Much of the grisly escalation of violence into which we have been plunged starting with Hamas’s rocket barrage at Jerusalem at 6 p.m. last night is dismally familiar from the years of previous conflicts since the Islamist terror group forced out Mahmoud Abbas’s Fatah forces from Gaza in 2007.
Israel is being battered by incessant rocket fire, spreading death, destruction and panic through a widening swath of southern Israel. The IDF is hitting back in Gaza, targeting Hamas and other terror groups’ installations, rocket launch teams, and numerous terror commanders. The battle over the narrative is in full sway, with Hamas bragging of the indiscriminate harm it is wreaking in Israel while simultaneously protesting the Israeli counterstrikes. The Hamas-run Health Ministry in Gaza is highlighting what it says are the deaths of children in IDF strikes, while the Israeli army declines to comment on specific incidents but says at least some of the Gaza civilian fatalities, including children, were caused by the terror groups’ own rockets misfiring or landing inside the Strip.
In Ashdod, Ashkelon and beyond on Tuesday, families run for cover, shelter with their crying babies in the stairwells of buildings many of which still are not equipped with bomb shelters. Radio and TV reports on the injury and damage from the last strike are interrupted by warning sirens signaling the next incoming barrage.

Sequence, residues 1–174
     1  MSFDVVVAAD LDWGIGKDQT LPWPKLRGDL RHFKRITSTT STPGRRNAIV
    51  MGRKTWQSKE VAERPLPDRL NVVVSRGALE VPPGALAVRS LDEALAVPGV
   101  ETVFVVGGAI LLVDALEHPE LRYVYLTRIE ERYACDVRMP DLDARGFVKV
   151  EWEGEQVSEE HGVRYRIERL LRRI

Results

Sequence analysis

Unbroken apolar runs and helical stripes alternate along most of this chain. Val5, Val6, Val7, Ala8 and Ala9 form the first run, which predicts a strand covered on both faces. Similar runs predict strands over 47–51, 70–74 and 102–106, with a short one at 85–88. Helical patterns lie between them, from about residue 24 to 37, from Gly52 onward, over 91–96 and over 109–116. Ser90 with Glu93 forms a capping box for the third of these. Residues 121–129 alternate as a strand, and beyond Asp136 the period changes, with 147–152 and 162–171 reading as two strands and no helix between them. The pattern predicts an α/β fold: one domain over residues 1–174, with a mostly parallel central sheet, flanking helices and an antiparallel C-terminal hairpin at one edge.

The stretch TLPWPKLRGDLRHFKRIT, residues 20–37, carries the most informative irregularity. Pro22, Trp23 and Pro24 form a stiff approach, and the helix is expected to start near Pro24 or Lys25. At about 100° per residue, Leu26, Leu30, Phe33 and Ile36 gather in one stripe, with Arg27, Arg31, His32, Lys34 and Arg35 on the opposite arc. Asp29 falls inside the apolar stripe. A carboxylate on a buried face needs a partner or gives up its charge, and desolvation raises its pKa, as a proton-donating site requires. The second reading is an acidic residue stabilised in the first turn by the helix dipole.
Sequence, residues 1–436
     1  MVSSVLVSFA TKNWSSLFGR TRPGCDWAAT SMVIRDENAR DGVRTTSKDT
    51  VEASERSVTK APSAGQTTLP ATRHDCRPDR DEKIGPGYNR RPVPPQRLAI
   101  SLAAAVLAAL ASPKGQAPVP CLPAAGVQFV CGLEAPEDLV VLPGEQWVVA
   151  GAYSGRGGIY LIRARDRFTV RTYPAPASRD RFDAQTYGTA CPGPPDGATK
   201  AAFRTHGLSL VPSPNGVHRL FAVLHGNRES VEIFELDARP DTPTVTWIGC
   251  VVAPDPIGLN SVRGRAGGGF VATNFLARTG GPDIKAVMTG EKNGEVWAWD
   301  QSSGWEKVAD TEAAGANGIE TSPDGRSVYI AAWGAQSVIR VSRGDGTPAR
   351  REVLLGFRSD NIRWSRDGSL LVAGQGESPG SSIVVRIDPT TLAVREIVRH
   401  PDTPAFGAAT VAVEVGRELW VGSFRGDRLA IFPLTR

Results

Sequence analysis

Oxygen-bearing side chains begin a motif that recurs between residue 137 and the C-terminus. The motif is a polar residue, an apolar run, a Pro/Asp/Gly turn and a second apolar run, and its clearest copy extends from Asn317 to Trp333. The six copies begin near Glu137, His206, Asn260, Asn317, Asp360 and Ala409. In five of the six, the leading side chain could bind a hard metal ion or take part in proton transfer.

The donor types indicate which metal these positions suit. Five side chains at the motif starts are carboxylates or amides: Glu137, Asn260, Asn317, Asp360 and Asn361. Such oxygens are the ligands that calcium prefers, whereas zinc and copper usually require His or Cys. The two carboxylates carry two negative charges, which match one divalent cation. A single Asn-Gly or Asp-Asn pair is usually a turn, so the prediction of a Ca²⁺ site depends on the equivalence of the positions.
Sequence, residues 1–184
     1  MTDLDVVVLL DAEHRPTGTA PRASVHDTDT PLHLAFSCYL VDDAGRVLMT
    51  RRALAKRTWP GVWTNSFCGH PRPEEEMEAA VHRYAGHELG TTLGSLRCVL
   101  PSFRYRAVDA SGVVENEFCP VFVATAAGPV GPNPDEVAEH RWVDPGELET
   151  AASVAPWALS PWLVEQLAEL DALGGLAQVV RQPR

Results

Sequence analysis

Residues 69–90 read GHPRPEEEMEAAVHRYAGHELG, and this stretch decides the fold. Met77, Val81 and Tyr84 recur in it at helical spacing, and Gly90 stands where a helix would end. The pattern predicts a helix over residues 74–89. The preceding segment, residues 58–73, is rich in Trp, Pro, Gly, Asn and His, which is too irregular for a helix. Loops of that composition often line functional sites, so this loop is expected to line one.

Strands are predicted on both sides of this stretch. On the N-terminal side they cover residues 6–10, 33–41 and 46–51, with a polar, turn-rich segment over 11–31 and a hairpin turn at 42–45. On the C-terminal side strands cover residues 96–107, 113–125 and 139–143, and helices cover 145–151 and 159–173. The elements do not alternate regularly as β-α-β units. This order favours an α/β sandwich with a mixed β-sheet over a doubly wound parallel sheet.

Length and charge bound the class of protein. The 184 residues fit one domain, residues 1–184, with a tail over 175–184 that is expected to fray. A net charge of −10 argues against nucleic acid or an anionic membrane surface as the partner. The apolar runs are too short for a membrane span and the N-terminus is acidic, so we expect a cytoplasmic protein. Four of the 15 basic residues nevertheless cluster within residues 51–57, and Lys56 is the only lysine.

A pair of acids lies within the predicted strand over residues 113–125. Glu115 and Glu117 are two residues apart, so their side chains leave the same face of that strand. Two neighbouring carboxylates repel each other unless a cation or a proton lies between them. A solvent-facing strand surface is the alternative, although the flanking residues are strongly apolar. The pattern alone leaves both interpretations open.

Familiar, too, is the Israeli political and military leadership quandary: Though Hamas knows the IDF will hit back from the air, it is plainly not deterred from the frequent battering of the Israeli home front with its rocket fire. An Israeli resort to a ground offensive could prove more of a deterrent but would lead without question to greater loss of Israeli life, and might not achieve any definitive, long-lasting success. A full-scale Israeli effort to reconquer Gaza and oust Hamas would be immensely complex and deadly, and its gains would be reversed the moment the IDF pulled back — thereby necessitating a semi-permanent military presence that successive Israeli governments have adamantly rejected.
On Monday evening, the IDF gave this round of conflict a formal name — “Operation Guardian of the Walls” — suggesting, perhaps, that it does not anticipate the hostilities ending in the very near future. But the path to long-term or even medium-term calm remains as elusive as ever.
Said the former Mossad and military officer Sima Shine in a Tuesday afternoon Channel 12 interview, soon after the first two Israeli fatalities were confirmed, “There is no policy.”
There are some telling differences in the violence and its context this time, however.
Militarily, Hamas claims to have improved its rocket capabilities. Israel has gradually improved and broadened its range of rocket defenses, notably Iron Dome. But Hamas, as far as can be assessed, no longer has the secret weapon it invested so much of Gaza’s scant resources in developing — its terrorist tunnels under the Israeli border. Israel’s underground barrier along the border would appear to have neutered that pernicious threat.